Google warns of security flaws in Chrome and Windows.
Google has warned Chrome users to update their browsers after the discovery of two ‘high severity’ zero-day vulnerabilities, which were being used by hackers to gain access to computers.
The first software bug was in Chrome itself, while the second was in Windows, with Google warning that the two flaws were being used together.
A zero-day vulnerability is one that’s already being used by hackers.
Often, such flaws are spotted by security researchers, but Google said it had already seen these two being used by cybercriminals.
The attackers use the two flaws together, taking advantage of the bug in Chrome to attack other programs.
Normally, Microsoft’s operating system prevents this from happening, but a weakness in Windows 7 allows applications to interact.
The Chrome bug exploits a system built into the browser called FileReader, which is an API – a piece of code that allows applications to connect.
This lets browsers or other apps see files, such as documents or photos, that are stored on your computer –
handy if, for example, you want to upload a photo to attach to an email or share on social media.
However, attackers have found a way to use it as a bridge to leap across from the browser to the operating system.
Google has already fixed the bug in Chrome, while at the time of writing, Microsoft was working on a fix for its side of the vulnerability.
With the updated browser now secure, hackers will have to find a new route to the operating system.
How will it affect you?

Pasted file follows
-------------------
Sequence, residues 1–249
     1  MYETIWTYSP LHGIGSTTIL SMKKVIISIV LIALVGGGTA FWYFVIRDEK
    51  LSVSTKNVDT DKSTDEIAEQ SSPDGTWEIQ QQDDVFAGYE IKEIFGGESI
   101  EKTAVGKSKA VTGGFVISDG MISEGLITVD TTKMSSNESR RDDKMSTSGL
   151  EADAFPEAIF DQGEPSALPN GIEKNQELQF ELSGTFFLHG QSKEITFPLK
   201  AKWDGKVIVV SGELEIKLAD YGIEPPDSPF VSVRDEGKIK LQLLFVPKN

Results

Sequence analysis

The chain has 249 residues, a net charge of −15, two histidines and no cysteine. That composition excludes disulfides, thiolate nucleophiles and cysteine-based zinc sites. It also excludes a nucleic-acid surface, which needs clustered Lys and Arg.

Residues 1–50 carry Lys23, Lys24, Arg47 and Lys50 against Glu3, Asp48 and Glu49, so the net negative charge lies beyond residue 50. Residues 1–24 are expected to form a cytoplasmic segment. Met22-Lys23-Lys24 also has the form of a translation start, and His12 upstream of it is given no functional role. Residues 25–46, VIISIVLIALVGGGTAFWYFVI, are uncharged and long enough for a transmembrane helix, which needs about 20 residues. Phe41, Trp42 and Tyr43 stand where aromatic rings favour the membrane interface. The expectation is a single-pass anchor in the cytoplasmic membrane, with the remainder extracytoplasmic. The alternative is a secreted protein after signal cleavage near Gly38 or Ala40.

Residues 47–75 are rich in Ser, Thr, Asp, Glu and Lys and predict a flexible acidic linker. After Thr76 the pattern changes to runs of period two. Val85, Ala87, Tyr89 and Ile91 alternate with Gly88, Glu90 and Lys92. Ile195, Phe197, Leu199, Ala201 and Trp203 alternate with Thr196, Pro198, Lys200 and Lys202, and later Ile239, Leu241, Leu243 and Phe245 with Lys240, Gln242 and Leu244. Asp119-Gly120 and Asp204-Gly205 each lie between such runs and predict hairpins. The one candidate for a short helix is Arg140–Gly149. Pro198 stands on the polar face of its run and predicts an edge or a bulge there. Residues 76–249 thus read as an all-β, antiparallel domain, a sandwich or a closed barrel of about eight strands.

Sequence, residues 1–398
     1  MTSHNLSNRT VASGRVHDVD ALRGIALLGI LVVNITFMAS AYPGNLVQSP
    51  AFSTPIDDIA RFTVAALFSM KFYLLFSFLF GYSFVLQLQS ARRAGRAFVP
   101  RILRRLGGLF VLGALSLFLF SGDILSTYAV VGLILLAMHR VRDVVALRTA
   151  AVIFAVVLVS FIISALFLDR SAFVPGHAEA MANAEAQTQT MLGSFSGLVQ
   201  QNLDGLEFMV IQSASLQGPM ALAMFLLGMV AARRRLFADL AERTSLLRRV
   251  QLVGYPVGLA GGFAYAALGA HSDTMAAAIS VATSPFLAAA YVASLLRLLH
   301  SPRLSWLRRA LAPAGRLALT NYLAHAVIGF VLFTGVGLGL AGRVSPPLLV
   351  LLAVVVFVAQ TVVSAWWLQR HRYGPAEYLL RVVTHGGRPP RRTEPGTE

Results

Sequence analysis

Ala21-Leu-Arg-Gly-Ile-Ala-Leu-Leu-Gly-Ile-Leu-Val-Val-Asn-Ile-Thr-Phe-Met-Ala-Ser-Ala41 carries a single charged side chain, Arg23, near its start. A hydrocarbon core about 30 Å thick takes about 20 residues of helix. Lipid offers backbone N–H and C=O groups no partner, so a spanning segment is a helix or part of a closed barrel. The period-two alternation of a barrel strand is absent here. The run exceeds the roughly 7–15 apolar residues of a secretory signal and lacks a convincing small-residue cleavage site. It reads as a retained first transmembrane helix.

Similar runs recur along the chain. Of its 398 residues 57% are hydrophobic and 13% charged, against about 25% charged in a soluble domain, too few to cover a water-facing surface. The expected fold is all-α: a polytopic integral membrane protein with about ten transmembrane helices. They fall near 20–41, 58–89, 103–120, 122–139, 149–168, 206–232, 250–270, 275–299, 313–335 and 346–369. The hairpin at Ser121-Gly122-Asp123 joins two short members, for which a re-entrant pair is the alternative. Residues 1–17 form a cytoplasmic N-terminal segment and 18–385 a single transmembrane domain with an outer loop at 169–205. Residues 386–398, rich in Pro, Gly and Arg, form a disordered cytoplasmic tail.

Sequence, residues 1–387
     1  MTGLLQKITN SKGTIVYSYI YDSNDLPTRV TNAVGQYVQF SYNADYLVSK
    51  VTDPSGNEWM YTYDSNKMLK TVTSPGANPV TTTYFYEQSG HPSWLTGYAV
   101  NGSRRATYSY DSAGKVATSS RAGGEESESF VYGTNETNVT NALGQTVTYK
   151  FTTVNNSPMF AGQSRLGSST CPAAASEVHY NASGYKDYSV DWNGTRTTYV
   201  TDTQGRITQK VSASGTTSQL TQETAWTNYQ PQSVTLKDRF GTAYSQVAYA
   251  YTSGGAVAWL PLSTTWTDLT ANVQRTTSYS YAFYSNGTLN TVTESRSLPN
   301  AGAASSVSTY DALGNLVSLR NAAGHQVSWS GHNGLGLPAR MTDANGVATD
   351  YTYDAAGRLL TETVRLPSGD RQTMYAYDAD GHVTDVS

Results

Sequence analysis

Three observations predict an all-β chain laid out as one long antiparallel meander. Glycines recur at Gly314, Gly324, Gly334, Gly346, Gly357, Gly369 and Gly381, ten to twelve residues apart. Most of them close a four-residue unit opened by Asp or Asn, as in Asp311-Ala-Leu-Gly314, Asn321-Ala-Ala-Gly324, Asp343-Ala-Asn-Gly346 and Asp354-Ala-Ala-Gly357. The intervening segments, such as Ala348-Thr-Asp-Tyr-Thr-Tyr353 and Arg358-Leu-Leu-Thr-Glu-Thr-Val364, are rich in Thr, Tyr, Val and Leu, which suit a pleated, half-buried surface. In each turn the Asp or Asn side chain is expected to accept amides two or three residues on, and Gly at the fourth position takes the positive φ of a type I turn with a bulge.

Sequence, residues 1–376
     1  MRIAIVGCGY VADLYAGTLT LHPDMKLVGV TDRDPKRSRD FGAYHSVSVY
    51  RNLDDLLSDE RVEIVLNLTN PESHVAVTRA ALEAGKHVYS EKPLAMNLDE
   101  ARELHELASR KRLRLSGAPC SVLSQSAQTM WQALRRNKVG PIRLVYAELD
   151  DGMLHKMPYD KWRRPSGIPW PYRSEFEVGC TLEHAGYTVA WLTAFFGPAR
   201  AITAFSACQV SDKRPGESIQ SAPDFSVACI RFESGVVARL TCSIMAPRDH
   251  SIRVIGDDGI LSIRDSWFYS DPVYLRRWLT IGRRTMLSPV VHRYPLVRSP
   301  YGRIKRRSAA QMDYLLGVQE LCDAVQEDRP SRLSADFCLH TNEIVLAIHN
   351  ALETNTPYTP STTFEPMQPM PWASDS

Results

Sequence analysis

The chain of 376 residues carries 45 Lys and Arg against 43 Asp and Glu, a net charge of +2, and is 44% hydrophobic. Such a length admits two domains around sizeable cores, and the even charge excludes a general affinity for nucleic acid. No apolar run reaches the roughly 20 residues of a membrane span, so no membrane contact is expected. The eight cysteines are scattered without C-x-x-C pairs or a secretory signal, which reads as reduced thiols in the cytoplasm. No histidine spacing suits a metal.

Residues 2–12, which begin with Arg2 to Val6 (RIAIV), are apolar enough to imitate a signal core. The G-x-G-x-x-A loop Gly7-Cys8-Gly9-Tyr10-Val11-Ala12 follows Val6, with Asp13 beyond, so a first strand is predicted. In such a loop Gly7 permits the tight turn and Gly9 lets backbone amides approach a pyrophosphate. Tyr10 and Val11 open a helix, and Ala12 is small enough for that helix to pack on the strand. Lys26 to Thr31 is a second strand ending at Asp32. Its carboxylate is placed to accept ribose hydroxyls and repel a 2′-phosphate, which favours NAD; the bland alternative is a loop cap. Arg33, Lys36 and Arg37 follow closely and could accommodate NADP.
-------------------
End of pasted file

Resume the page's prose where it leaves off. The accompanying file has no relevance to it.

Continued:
Google pushed out an update that patched the flaw.
then issued its warning, so any Chrome users should be immediately protected because the browser automatically downloads and installs updates.
If you’re not sure whether your version of Chrome is up to date and secure, check the version number by clicking the three-dot menu button in the top-
- right corner of the browser and choosing Settings, Help, About Google Chrome.
Alternatively, type chrome://settings/ help in your address bar and press Enter.
If your version number is 72.0.3626.121 or later, you’re safe from this particular flaw.
If you’re not up to date, click the button to get the latest version.
The Windows vulnerability only seems to be present in Windows 7, because Microsoft has built tougher protections into newer versions of the operating system.
If you’re using Windows 10, this flaw definitely won’t affect you, Microsoft has said, but the weakness in Window 7 that let hackers take advantage of the Chrome bug still exists for the time being.
That means any similar vulnerabilities found in other software could still leave you at risk, although there aren’t yet any specific threats to be worried about.
The advice to stay secure remains the same: keep your software up to date so you’re patched against the latest bugs, and use the most recent version of whatever operating system you favour.
- If you’re running Windows, it’s now best to use Windows 10 for security and peace of mind.
Anyone remaining on Windows 7 has until January 2020 to upgrade, because after that point Microsoft will no longer offer security updates or support for computers running the decade-old OS.
What do we think?
This security scare highlights the merits of Google Chrome’s automatic update system.
Most users will have been protected from the flaw in the browser well before they even heard any warning about the attacks.
This incident also shines a light on Windows 7 and those who still use that operating system.
It’s easy to understand why some people stay loyal to Windows 7:
it’s an excellent piece of software, upgrading probably means buying a new computer and Windows 8 was notoriously buggy and irritating to use.
But Windows 10 is a return to form, and if your PC is relatively recent, has at least 20GB of hard-drive space and a 1GHz processor, you may be able to upgrade without buying new hardware.
- Because Windows 7 is retiring next year, security problems will only get worse.
If you’re still using a computer running Windows 7 – or know someone who is – it’s time to consider an upgrade.
Any learning curve involved is worth the effort to keep you safe.
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